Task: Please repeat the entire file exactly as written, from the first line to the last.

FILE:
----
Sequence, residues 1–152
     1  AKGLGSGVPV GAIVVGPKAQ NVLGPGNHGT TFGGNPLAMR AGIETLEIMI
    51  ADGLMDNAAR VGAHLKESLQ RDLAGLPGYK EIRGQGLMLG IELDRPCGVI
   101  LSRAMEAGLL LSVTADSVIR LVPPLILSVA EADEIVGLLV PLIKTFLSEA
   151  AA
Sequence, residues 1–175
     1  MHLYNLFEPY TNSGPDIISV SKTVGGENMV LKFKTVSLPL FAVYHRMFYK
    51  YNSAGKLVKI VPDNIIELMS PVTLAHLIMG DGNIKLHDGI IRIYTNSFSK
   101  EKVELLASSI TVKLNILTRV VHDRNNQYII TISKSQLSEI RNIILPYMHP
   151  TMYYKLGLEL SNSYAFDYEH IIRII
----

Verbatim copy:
Sequence, residues 1–152
     1  AKGLGSGVPV GAIVVGPKAQ NVLGPGNHGT TFGGNPLAMR AGIETLEIMI
    51  ADGLMDNAAR VGAHLKESLQ RDLAGLPGYK EIRGQGLMLG IELDRPCGVI
   101  LSRAMEAGLL LSVTADSVIR LVPPLILSVA EADEIVGLLV PLIKTFLSEA
   151  AA
Sequence, residues 1–175
     1  MHLYNLFEPY TNSGPDIISV SKTVGGENMV LKFKTVSLPL FAVYHRMFYK
    51  YNSAGKLVKI VPDNIIELMS PVTLAHLIMG DGNIKLHDGI IRIYTNSFSK
   101  EKVELLASSI TVKLNILTRV VHDRNNQYII TISKSQLSEI RNIILPYMHP
   151  TMYYKLGLEL SNSYAFDYEH IIRII